Ohio voters recently sanctioned recreational marijuana on Election Day, prompting renewed concern around the country over potential increases in impaired driving.
Recreational marijuana is still illegal in Texas, even as Ohio became the 24th state in the nation to legalize it following the November 7 election.
Currently, Texas classifies marijuana as a Schedule 1 drug, but the state permits low-THC cannabis (less than 1% THC) to be prescribed for certain medical purposes provided specific conditions are met. The recreational use of marijuana, however, is still illegal.
“I don’t think it advances society. We have enough trouble with alcohol [and car accidents]. … That’s the danger,” said Oakwood, Ohio, resident Tom Hardy, according to WHIO TV 7.
Law enforcement agencies around Ohio are already bracing themselves for an increase in such incidents.
“It is another substance to add to driving on our roads when we already have a problem. … While speaking with sheriffs from other states, the crash numbers are up, so we will definitely see an impact,” Montgomery County Sheriff Rob Streck said, per WHIO.
Colorado has been at the forefront of marijuana decriminalization and legalization efforts. Still, the recent referendum in Ohio prompted the head of the Archdiocese of Denver to issue a pastoral letter against the spread of such policies.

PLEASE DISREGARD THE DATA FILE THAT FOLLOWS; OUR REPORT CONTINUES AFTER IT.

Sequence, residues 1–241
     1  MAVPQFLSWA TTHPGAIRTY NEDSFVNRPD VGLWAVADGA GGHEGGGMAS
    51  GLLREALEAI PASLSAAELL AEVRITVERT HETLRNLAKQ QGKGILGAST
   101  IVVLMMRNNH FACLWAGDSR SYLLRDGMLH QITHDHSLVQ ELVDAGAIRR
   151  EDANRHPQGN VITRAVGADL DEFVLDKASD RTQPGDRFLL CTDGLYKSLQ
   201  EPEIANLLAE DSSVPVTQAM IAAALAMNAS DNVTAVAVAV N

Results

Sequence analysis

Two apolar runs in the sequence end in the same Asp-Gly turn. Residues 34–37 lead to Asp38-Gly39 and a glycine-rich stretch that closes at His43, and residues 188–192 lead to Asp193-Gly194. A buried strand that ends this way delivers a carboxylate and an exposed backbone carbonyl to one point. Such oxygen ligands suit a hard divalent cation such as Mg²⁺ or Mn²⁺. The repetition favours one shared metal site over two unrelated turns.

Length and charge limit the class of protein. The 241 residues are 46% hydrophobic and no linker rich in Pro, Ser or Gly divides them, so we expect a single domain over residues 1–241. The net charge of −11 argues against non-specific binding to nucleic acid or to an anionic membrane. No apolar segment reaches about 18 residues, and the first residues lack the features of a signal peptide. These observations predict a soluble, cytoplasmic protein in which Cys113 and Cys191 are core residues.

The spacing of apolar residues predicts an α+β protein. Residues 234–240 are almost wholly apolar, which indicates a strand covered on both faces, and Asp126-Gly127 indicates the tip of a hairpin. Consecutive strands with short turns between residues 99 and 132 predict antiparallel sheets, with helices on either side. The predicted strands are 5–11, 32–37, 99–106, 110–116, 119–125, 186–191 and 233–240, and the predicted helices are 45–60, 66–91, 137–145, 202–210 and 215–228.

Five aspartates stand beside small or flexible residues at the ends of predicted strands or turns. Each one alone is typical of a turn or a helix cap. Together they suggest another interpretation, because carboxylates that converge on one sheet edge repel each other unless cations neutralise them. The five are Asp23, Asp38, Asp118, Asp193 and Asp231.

“I write to you out of pastoral concern for the salvation of souls,” wrote Archbishop Samuel J. Aquila, The Denver Gazette reported. “I am convinced of the need to address the impact marijuana use is having on individuals, families, and society in general.”
Multiple studies have indicated that such policies have resulted in upticks in impaired driving.
“[L]iberalization of cannabis laws results in a higher frequency of drivers with detectable blood levels of the primary psychoactive ingredient in cannabis,” reads a study published in The American Journal of Drug and Alcohol Abuse. “This has raised concerns about the impact of increased cannabis use on traffic safety and prompted discussions on implementing effective laws related to driving under the influence of cannabis.”
In April of 2023, the Texas House of Representatives passed HB 218, which would make possession of up to 1 ounce of cannabis a Class C misdemeanor, with no jail time and a fine of no more than $500, as previously reported by The Dallas Express. Under the existing law, possession of 2 ounces or less is a Class B misdemeanor, punishable by up to 180 days in jail and/or a fine of up to $2,000.
The bill did not advance out of the Senate State Affairs Committee.
Texas allows “cite and release” under Article 14.06. Cite and release programs allow law enforcement officers to issue a ticket in lieu of arrest for certain offenses, including possession of less than 4 ounces of marijuana.
In 2017, the City of Dallas initiated a Cite and Release Program. Although the program does not decriminalize marijuana, it does impact individuals with 4 ounces of marijuana or less.
Rather than being taken to jail, alleged offenders who fall under the program stipulations are fingerprinted and issued a court summons. Still, it is important to note that the potential criminal penalty for the offense does not change.
In Dallas County, District Attorney John Creuzot adopted a non-prosecution policy for possession cases involving 4 ounces or less. The district attorney has previously received criticism for allegedly being soft on crime, as previously reported by The Dallas Express.
Other jurisdictions in Texas that have implemented their own cite-and-release policies include Austin, Houston, and San Antonio.